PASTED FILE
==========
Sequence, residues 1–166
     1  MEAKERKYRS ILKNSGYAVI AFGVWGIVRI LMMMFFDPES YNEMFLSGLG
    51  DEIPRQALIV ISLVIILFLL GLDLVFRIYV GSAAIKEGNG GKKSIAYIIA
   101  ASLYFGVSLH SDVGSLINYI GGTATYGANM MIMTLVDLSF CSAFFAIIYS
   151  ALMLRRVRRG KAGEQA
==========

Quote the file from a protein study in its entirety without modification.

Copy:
Sequence, residues 1–166
     1  MEAKERKYRS ILKNSGYAVI AFGVWGIVRI LMMMFFDPES YNEMFLSGLG
    51  DEIPRQALIV ISLVIILFLL GLDLVFRIYV GSAAIKEGNG GKKSIAYIIA
   101  ASLYFGVSLH SDVGSLINYI GGTATYGANM MIMTLVDLSF CSAFFAIIYS
   151  ALMLRRVRRG KAGEQA